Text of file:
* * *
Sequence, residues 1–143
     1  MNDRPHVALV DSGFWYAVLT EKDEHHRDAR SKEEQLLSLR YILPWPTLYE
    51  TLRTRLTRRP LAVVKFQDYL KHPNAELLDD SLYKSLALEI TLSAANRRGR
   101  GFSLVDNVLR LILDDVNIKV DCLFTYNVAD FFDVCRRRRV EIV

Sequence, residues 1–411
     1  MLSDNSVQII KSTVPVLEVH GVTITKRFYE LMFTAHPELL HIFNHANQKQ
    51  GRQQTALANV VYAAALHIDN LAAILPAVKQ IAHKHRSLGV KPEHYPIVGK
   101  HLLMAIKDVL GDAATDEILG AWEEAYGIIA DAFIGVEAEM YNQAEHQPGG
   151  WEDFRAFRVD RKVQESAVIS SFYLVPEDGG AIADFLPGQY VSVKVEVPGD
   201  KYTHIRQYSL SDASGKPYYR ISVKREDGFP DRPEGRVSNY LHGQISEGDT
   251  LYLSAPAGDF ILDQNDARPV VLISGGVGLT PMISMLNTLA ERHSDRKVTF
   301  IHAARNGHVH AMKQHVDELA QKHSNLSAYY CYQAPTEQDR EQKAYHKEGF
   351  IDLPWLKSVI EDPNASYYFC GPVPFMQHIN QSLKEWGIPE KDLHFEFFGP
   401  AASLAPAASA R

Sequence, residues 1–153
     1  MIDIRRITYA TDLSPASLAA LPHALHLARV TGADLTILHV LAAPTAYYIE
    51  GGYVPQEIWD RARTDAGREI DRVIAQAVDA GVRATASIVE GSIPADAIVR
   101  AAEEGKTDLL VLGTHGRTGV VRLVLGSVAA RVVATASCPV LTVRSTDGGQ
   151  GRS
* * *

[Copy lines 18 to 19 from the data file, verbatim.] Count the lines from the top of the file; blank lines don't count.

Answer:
   101  AAEEGKTDLL VLGTHGRTGV VRLVLGSVAA RVVATASCPV LTVRSTDGGQ
   151  GRS